7. How can I help a student with exercise planning?
Exercise is crucial for overall wellbeing, physically and mentally at every stage of life. The best way to assess a student’s response to activity is to keep good records. The student should check frequently during prolonged exercise as per their Diabetes Medication Administration Form.
As a rule, a cardio type workout (walking, running, riding a bike), helps muscles use glucose without insulin. To prevent hypoglycemia (a low glucose), insulin adjustments might need to be made. The student may need to lower insulin or increase carbohydrate consumption around the time of activity.
Strength-training activities, such as High-Intensity Interval Training (HIIT) may cause a rise in glucose towards the end of the activity period. This is the due, in part, to an increased release from the liver due to a stress response.
The parents and/or guardians should then consider meeting with a diabetes educator for help to individualize the insulin regimen. This is individualized treatment, so discuss with the family whether your student needs a snack before exercise.
8. Can parents have input on medication management throughout the school day?
Under the law, parents and/or guardians of children with diabetes have the right to request adjustments to insulin dosing during the school day. The Berrie Center helped modify a policy that gives parents and guardians a role in treatment decisions during school hours. The New York State Department of Education has the guidelines posted here: http://www.p12.nysed.gov/sss/schoolhealth/schoolhealthservices/. More information is on our site at: http://www.nbdiabetes.org/news/berrie-center-families-and-clinicians.
9. My student has been having a lot of high and/or low blood sugars. I think the student’s insulin doses might need to be changed. What should I do?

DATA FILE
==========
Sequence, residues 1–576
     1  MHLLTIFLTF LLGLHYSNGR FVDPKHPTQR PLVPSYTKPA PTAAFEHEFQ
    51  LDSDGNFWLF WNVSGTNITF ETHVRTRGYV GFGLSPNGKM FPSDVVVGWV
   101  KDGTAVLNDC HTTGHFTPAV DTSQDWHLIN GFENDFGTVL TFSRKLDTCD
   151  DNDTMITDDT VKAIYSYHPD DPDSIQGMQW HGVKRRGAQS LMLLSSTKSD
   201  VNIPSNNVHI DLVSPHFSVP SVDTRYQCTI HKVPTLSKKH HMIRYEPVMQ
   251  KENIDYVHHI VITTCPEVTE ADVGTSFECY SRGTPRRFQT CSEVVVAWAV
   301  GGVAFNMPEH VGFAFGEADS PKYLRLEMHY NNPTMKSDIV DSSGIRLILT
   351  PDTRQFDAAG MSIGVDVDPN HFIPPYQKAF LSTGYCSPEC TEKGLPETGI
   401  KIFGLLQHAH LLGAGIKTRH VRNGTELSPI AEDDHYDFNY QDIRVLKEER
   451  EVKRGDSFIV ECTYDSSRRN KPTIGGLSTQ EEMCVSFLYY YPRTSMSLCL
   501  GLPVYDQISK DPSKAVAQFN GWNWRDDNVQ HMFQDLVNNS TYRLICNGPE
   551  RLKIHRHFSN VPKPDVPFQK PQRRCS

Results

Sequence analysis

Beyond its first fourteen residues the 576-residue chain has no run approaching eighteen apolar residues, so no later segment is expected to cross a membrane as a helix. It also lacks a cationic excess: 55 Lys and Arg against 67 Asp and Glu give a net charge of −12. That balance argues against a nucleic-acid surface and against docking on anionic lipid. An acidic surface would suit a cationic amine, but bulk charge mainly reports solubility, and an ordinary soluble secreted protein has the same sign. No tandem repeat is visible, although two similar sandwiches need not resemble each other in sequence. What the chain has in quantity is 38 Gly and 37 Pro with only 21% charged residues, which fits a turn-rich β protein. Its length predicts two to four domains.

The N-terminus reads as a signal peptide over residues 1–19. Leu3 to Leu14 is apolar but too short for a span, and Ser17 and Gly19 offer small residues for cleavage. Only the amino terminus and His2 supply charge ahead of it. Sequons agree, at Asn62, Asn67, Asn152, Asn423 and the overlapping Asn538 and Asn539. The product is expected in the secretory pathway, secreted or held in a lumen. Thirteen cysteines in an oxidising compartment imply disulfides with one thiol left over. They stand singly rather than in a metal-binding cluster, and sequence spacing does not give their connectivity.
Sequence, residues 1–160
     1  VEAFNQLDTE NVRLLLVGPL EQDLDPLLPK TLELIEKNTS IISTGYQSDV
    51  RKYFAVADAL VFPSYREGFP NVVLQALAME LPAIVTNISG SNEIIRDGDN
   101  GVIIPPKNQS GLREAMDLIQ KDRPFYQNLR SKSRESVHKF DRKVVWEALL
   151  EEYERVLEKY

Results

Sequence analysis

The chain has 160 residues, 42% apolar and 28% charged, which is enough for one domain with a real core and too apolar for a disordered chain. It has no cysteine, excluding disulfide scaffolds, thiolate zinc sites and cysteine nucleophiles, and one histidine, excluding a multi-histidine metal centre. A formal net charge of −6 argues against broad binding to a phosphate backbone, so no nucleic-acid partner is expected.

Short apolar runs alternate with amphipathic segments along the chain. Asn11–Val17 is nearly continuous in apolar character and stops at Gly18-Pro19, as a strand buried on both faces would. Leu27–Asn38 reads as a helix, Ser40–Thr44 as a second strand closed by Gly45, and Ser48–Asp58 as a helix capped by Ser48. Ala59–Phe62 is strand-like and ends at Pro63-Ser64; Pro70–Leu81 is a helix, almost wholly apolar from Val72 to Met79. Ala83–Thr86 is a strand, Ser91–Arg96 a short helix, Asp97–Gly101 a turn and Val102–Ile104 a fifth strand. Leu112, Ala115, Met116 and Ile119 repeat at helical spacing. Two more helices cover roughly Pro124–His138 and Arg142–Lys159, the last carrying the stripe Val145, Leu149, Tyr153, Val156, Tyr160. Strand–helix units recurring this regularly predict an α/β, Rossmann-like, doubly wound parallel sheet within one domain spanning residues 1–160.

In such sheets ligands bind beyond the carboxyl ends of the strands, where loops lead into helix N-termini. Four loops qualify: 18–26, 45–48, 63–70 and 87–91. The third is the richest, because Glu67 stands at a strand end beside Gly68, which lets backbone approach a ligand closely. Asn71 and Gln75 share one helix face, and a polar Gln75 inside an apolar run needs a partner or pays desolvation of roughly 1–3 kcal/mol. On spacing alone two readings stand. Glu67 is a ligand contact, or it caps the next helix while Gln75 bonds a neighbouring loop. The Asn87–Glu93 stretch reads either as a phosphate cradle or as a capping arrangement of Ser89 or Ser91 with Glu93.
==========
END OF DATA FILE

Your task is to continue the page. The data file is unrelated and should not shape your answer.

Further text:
You can help by telling the family your concerns about the blood sugars. Advise them to reach out to their diabetes team to discuss making adjustments to the child’s insulin doses. Keeping blood sugar records or uploading insulin pumps regularly can help improve glycemic control.
10. My student is using a continuous glucose monitor (Dexcom, Freestyle Libre, Guardian, etc). What should I be doing differently compared to a student who does finger sticks to check blood sugar?
You should have an addendum with instructions on the use of continuous glucose monitors (CGMs) at school. The Berrie Center provides an addendum with instructions. Please follow the instructions on that addendum.
Some CGMs are FDA approved for readings to be used for treatment decisions. This means students will not need to do finger stick blood sugars except in a few situations. Other CGMs are not approved for this indication and require finger sticks at all times for treatment decisions.
Please refer to the manufacturer’s guidelines when to do a finger stick with your student’s specific CGM.
11. How many carbohydrates should I allow the student to eat?
There is no specific, prescribed diet for people with type 1 diabetes. Children with diabetes can eat a normal, healthy diet like most children. The only exception is to avoid liquid sugars like regular soda, juice, and other drinks sweetened with sugar. These drinks should be used only for treating low blood sugars. Carbohydrates are a healthy part of all diets, and children need to eat some carbohydrates to encourage growth and development.
Some families may have carbohydrate goals or limits for their children, however there is not a set rule limiting carbohydrate intake for children with type 1 diabetes. You can ask the family if they have any guidelines for carb intake at school.
12. When should I call the Berrie Center?
We are available 24 hours a day 7 days a week for true emergencies that need immediate attention at 212-851-5494.
Examples of emergency situations are:
• Vomiting/ill appearing child
• Moderate to large ketones in the urine/blood
• Error in insulin dosing
• Low blood sugars that are not responding to glucose tabs, juice, or if glucagon is needed
For non-urgent concerns, call the Berrie Center during office hours 9:00am – 5:00pm, Monday through Friday at 212-851-5494.